Dallas-Fort Worth had a phenomenal restaurant year in 2013, with lots of openings, expansions and new concepts featuring one-of-a-kind cuisines. We welcomed hot dining trends like truck yards, ramen shops and designer doughnuts. We ate our veggies, yet also porked out on meat. We tapped ever more deeply into craft beer.
From a vibrant and broad pool of openings, these 12 stood out as best of the bunch.
Belly & Trumpet
Who: Upscale restaurant on McKinney Avenue from Richard and Tiffanee Ellman, who also own Oak and Pakpao.
Why: Chef Brian Zenner possesses both imagination and skill. His seasonal focus means you'll always find something new.
What: Steamed buns with Wagyu beef tongue, pickled cucumber and turnip; gnocchi with black garlic, rapini, black trumpet mushroom, calabrese pepper and basil.
Who: Restaurateur Tristan Simon partners up with hotelier Tim Headington to revitalize downtown Dallas with this splashy opening in The Joule.
Why: Hard to resist a couple of fun-loving perfectionists driven to do everything right.
What: House-made strozzapreti pasta with wild mushrooms; kabocha squash with sorghum, blue cheese and pecans; corn cake.
Lark on the Park
Who: Ringside seats to Klyde Warren Park from veteran restaurateur Shannon Wynne (Flying Saucer, Meddlesome Moth).
Why: Husband-and-wife chefs Dennis Kelley and Melody Bishop work hard and think outside the box. Plus: beer.
What: Autumn wheat berry salad with roasted squash, kale, Medjool dates and pecans; ricotta gnudi with brown butter, spinach and Taleggio cream.
Little Red Wasp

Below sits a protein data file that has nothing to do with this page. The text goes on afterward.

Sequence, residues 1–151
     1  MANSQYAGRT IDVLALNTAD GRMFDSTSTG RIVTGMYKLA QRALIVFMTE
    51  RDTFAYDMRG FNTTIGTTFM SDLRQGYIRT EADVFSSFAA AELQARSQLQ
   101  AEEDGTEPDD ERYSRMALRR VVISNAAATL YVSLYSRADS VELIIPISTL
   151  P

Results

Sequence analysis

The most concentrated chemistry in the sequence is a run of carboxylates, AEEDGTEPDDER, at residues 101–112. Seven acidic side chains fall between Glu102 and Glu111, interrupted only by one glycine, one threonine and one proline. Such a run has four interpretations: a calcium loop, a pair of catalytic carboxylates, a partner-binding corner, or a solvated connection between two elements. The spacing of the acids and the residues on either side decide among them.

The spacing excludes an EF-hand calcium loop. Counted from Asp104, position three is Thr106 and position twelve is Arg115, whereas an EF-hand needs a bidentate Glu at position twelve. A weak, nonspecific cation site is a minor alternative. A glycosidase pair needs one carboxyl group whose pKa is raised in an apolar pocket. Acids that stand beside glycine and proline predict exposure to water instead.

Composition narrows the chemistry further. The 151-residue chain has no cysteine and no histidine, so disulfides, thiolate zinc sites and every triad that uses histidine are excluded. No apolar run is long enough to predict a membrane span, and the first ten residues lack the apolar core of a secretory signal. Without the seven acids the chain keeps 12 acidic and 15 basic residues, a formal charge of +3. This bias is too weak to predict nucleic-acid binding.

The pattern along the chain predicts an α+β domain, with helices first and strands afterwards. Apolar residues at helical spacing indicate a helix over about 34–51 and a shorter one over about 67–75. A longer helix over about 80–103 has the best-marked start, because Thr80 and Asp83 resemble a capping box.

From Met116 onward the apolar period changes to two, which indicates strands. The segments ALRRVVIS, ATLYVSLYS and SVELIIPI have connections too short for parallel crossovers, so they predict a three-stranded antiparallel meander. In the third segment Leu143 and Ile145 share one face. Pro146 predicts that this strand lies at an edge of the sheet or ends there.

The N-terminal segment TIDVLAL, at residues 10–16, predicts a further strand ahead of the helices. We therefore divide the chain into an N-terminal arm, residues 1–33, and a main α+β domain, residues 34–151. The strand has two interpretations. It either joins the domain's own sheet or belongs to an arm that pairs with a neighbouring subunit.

Who: Baby sibling of Grace, the fine-dining pinnacle in downtown Fort Worth, from restaurateur Adam Jones and chef Blaine Staniford.
Why: Not so "serious foodie" as Grace — and cheaper too.
What: Potato-crusted fish of the day with wilted spinach, spaghetti and meatballs.
Mot Hai Ba
Who: North Vietnamese cantina from chefs Colleen O'Hare and Jeana Johnson, in old York Street space.
Why: Authentic Hanoi-style food you won't find anywhere else, executed at a four-star level.
What: Banh mi sandwich in multiple options including omelet, liver pate and pork, pork belly, beef or tofu; sizzling cake with shrimp.
Who: Sophisticated yet casual seafood spot from Fort Worth chef Felipe Armenta (The Tavern).
Why: Pristine seafood, beautiful people, gorgeous room, ultra-hot.
What: Miso-glazed salmon with sticky rice and broccolini, yellowtail jalapeño roll.
Who: Thai in the Design District from busy-busy Richard and Tiffanee Ellman (Oak, Belly & Trumpet).
Why: Chef Eddy Thretipthuangsin capably navigates both authentic Thai and four-star technique. (Thretipthuangsin left Pakpao on December 30.)
What: Chicken meatballs, bamboo salad, citrus steamed cake with lemongrass crème anglaise.
Peak & Elm
Who: Father-and-son Jesse Moreno Sr. and Jesse Moreno Jr. branch out from their La Popular Tamale niche.
Why: Jesse Sr. has the old-school, Mexican-by-way-of-Dallas cooking chops; Jesse Jr. knows how to package it for 2013.
What: Taquitos with dirty rice, stacked enchiladas, anything with the house-made tortillas.
Who: Breakfast-and-lunch spinoff of award-winning Tex-Mex restaurant Pepe's & Mito's.
Why: Earnest, eager-to-please disposition with straightforward food at discount prices.
What: Enfrijoladas with black beans and cilantro rice, breakfast tacos, chicken and waffles.
Who: Former Ritz-Carlton chef holds forth in prominently located restaurant at cooed-over Klyde Warren Park.
Why: Major points for atmosphere alone at this shiny, sparkling glass box. Answers the question: where to take your parents.
What: Crab cakes with curry corn puree; mini-desserts such as yuzu tart, $3 each – get them all.
Who: Maple & Motor burger-meister Jack Perkins expands into barbecue.
Why: He freshens up a locked-down cuisine with his unusual approach to cooking meat and respect for vegetable sides.
What: Brisket, Brussels sprouts and cauliflower gratin, pea salad, "chili mac" (macaroni and cheese with a ladle of chili).
Zoli's NY Pizza Tavern
Who: Pizza pundit Jay Jerrier expands his repertoire from Italy to New York.
Why: You can eat for under $5, and oh that crust.
What: One slice each of the three varieties: thin crust; thicker, moister "Grandma"; and thickest, airy Sicilian. Plus an order of garlic knots.